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deep recovery and embedded filesystem images

deep recovery and embedded filesystem images

Posted Dec 3, 2011 17:57 UTC (Sat) by walex (subscriber, #69836)
In reply to: Improving ext4: bigalloc, inline data, and metadata checksums by mpr22
Parent article: Improving ext4: bigalloc, inline data, and metadata checksums

That's an interesting case. ReiserFS was designed to be very robust in the face of partial data loss, allowing for a reconstruction of the file system metadata from recognizable copies embedded in the files themselves.

Thus the contents of an embedded ReiserFS image will look like lost files from the containing filesystem, if the option to reconstruct metadata is enabled.

Running man reiserfsck is advised before doing recovery on a damaged ReiserFS image. Paying particular attention to the various mentions of --rebuild-tree may be wise.

In other words there is nothing to fix, except a lack of awareness of one of the better features of ReiserFS, or perhaps a lack of a specific warning.


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deep recovery and embedded filesystem images

Posted Dec 4, 2011 1:05 UTC (Sun) by nix (subscriber, #2304) [Link]

You're the only person I have ever heard call reiserfsck's propensity to fuse disk images into an unholy union with their containing filesystem a *feature*.

I don't think it was ever any part of reiserfsck's design to "reconstruct[] file system metadata from recognizable copies embedded in the files themselves" because nobody ever does that (how many copies of your inode tables do you have written to files in your filesystem for safety? None, that's right). It's more that reiserfsck --rebuild-tree simply scanned the whole partition for things that looked like btree nodes, and if it found them, it assumed they came from the same filesystem, and not from a completely different filesystem that happened to be merged into it -- there was no per-filesystem identifier in each node or anything like that, so they all got merged together.

This is plainly a design error, but equally plainly not one that would have been as obvious when reiserfs was designed as it is now, when disks were smaller than they are today and virtual machine images much rarer.

If you want some real fun, try a reiserfs filesystem with an ext3 filesystem inside it and another reiserfs filesystem embedded in that. To describe what reiserfsck --rebuild-tree on the outermost filesystem does to the innermost two would require using words insufficiently family-friendly for this site (though it is extremely amusing if you have nothing important on the fs).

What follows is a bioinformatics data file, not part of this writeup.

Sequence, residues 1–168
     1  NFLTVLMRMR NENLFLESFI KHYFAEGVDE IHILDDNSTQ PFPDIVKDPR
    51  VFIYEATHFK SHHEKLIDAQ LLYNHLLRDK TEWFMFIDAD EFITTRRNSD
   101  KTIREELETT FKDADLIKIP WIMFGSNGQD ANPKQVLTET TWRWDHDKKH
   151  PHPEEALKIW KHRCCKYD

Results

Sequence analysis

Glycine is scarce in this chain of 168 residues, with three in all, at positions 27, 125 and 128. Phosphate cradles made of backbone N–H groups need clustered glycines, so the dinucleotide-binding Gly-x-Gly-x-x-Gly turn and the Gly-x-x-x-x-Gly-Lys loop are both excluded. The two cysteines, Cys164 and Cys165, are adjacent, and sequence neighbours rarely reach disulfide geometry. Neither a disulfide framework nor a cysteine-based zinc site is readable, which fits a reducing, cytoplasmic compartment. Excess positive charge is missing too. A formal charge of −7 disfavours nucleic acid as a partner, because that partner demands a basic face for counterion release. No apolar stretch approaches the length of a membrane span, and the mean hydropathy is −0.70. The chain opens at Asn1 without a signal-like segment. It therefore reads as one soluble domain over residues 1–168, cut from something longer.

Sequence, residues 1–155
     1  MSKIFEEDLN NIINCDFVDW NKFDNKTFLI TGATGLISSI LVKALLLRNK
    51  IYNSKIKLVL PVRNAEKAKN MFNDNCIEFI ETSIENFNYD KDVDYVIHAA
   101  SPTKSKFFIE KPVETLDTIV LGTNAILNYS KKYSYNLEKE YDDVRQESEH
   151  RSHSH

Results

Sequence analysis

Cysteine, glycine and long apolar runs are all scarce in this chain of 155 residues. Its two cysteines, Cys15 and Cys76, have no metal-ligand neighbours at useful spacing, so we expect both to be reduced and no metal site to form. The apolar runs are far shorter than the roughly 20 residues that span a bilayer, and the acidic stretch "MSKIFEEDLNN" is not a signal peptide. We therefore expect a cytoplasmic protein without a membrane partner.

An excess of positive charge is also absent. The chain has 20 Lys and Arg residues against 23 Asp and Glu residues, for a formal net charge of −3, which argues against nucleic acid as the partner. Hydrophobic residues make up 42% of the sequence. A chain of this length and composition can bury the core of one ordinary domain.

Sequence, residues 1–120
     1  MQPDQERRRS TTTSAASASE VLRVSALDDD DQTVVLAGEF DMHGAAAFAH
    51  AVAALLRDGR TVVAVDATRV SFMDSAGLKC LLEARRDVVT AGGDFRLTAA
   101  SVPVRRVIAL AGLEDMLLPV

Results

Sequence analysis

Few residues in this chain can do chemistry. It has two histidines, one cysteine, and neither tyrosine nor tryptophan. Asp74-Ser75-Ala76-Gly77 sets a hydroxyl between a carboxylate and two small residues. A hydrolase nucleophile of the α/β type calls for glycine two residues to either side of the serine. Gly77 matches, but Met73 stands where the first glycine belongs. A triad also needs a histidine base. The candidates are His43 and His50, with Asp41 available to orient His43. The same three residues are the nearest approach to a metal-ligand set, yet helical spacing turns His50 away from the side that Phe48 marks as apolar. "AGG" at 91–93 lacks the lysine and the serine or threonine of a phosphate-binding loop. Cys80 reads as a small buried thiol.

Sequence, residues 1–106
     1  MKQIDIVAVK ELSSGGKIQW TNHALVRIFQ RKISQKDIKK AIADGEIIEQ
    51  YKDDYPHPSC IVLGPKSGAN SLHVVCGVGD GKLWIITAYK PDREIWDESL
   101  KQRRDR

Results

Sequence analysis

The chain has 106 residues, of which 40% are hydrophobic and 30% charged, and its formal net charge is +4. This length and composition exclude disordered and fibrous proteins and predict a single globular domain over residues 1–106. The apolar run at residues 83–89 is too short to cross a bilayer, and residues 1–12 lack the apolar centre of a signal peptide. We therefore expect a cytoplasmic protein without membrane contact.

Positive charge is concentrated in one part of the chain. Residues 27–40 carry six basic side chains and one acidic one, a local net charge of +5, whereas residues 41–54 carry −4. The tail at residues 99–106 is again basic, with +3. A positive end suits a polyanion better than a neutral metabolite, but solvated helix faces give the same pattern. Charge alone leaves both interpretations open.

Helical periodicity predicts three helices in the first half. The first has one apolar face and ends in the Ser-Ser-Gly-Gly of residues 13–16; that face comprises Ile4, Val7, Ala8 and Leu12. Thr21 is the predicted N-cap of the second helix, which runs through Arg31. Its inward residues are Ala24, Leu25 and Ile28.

Rebuild tree a useful feature with side-effects.

Posted Dec 8, 2011 4:26 UTC (Thu) by gmatht (subscriber, #58961) [Link]

I don't think that merging filesystems was meant to be a feature, but rather the rebuild-tree is useful feature that other fscks don't have.

If someone has stored all their precious photos and media files on a disk, and the metadata is trashed, then rebuilding the tree should get them their files back where a regular fsck wouldn't. I wouldn't trust --rebuild-tree not to add random files at the best of times, for example, I understand that it restores deleted files [1] which you probably don't want to do in a routine fsck. If, on the other hand, you've just found out that all your backups are on write-only media, rebuilding a tree from leaves could save you from losing years of work. It would be even better if it didn't merge partitions, but is still better than nothing if used as a last resort.

I think it would also be better if it encouraged you to rebuild the tree onto an entirely new partition.

[1] http://www.linuxquestions.org/linux/answers/Hardware/Reis...

Rebuild tree a useful feature with side-effects.

Posted Dec 8, 2011 5:35 UTC (Thu) by tytso (subscriber, #9993) [Link]

The fsck for ext2/3/4 doesn't have this feature because it doesn't need it. One of the tradeoffs of using a dynamic inode table (since in reiserfs it is stored as part of the btree) is if you lose the root node of the file system, you have no choice but to search the entire disk looking for nodes that appear to belong to the file system b-tree.

With ext 2/3/4, we have a static inode table. This does have some disadvantages, but the advantage is that it's much more robust against file system damage, since the location of the metadata is much more predictable.


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